Aside from patient advocacy, the Nursing Home Complaint Center is also an advocate for the taxpayers, dedicated to the idea that the patient only has to pay for the treatment they receive. The group estimates on an annual basis US nursing homes over bill US taxpayers billions for services billed to Medicare & Medicaid, that were never performed. The Nursing home Complaint Center thus has a dual purpose; patient advocacy, and taxpayer protection.
 

Hopefully, this group will do a good job advocating for nursing home residents since we know regulatory agencies and politicians are certainly not doing a very good job.

Tulsa World had an article about a nursing home employee who reported neglect and abuse at a nursing home, and was subsequently fired from her job despite her affirmative duty to report such incidents.  This is outrageous.  This employee did exactly what she was supposed to do and the nursing home fired her for it.  She is now suing Cimarron Pointe Care Center and one of its contractors for wrongful termination.  Is it any wonder why many nurses look the other way when residents are abused and neglected?

In the lawsuit, Harris said she worked as a housekeeper at the facility. She was paid by Health Care Services Group, a Tulsa company contracted by the home to provide cleaning services, and supervised by nursing home staff.   During her employment, she observed numerous instances of improper care of the home’s residents.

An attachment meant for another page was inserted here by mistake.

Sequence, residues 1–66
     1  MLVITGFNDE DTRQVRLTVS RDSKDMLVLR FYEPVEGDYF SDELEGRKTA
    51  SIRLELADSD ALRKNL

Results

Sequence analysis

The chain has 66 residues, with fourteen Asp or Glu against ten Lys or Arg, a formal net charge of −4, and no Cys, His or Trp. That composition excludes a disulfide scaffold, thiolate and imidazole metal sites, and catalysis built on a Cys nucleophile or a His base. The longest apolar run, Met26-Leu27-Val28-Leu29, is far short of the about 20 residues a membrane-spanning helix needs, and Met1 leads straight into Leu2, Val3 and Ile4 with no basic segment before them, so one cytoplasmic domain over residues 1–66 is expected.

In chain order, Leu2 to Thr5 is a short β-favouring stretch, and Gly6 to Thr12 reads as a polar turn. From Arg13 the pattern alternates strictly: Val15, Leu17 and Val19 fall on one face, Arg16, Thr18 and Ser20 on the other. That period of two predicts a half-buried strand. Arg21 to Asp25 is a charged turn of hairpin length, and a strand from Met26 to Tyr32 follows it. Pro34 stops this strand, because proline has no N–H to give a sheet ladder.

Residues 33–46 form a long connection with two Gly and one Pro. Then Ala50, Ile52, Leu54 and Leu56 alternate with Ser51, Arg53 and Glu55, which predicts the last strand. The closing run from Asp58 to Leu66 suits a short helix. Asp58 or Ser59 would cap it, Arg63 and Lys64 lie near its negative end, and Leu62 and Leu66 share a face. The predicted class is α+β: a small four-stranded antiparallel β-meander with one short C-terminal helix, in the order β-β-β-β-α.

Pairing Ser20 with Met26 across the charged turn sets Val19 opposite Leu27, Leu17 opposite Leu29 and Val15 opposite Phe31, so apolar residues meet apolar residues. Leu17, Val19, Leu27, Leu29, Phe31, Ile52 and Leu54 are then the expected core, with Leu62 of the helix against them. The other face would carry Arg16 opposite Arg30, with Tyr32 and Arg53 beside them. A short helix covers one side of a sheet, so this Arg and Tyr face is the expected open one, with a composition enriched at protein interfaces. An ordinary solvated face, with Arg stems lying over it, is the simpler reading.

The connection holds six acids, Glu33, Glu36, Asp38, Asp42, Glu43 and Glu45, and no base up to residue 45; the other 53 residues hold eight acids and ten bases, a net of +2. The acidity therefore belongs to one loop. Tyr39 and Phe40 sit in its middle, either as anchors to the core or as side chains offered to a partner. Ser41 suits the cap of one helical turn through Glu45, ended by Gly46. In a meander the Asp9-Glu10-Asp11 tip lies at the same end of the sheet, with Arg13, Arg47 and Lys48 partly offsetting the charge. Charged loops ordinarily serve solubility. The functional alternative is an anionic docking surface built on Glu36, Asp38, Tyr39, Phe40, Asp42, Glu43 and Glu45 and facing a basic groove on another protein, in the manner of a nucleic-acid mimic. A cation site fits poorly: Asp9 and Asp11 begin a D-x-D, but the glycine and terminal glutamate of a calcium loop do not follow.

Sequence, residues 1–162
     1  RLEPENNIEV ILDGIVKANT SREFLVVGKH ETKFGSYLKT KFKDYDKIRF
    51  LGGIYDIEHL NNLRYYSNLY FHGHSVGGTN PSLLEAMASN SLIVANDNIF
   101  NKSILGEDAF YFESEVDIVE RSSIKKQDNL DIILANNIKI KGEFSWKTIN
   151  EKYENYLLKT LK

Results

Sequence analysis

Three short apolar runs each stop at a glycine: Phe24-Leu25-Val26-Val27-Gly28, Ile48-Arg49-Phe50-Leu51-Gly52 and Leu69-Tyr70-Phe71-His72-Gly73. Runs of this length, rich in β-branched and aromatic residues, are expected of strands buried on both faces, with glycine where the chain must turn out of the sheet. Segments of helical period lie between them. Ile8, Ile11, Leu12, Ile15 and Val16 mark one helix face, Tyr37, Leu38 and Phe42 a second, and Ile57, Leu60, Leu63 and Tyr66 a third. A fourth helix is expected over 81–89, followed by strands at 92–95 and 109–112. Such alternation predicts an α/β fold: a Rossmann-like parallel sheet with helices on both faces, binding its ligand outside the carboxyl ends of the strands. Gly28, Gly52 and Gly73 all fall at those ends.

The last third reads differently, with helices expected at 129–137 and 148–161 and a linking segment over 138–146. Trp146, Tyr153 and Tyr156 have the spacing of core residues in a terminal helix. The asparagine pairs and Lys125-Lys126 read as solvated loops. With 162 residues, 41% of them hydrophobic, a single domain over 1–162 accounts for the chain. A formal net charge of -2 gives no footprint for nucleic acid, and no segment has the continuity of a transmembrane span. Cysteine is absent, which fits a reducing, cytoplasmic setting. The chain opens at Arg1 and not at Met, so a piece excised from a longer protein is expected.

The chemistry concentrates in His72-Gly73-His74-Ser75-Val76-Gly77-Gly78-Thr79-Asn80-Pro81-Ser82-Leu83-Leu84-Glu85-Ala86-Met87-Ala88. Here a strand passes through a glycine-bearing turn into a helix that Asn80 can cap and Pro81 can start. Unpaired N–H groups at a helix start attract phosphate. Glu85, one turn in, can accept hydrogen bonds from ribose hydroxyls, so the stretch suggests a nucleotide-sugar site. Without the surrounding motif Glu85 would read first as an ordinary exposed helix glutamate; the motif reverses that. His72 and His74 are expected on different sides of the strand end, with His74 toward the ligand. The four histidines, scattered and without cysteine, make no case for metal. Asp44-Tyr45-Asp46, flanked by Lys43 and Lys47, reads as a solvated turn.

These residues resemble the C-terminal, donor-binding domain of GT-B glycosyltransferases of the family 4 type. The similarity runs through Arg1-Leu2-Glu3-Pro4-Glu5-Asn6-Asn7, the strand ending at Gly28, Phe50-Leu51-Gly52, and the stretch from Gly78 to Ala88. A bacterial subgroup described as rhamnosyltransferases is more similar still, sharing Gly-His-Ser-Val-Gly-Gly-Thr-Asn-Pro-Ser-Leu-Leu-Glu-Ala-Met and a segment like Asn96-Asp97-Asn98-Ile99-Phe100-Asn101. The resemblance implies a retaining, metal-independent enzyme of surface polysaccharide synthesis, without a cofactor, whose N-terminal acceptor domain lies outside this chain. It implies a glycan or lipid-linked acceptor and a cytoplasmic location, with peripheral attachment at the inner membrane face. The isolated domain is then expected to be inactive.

"Mrs. Harris observed a male resident who had been left in his own waste for so many hours that he had feces caked on to his leg from his hip to below his knee, and had wet himself at least one time."   She saw the man sitting in his waste and reported it to her supervisor, the head nurse and two nurse’s aides. Her supervisor sprayed deodorant in the man’s room to cover the smell. The aides said they would leave him for the next shift.

"Two and a half hours later, he was still sitting in his own waste," Harris said. "He couldn’t say nothing. I would always talk to him. He would just light up when I went to clean his room. It’s heartbreaking when you see a resident not being taken care of."

Also, an elderly woman paralyzed from the waist down was left in her own waste, Harris said. She rolled out of the bed and into the hallway to get someone to change her soiled garments and the nurses "just laughed at her," Harris said.

"On another occasion, Ms. Harris brought the needs of another female resident to the attention of the nursing staff. The resident’s needs were ignored, prompting the resident to write a letter to her family saying goodbye, in anticipation of death from neglect," the petition states.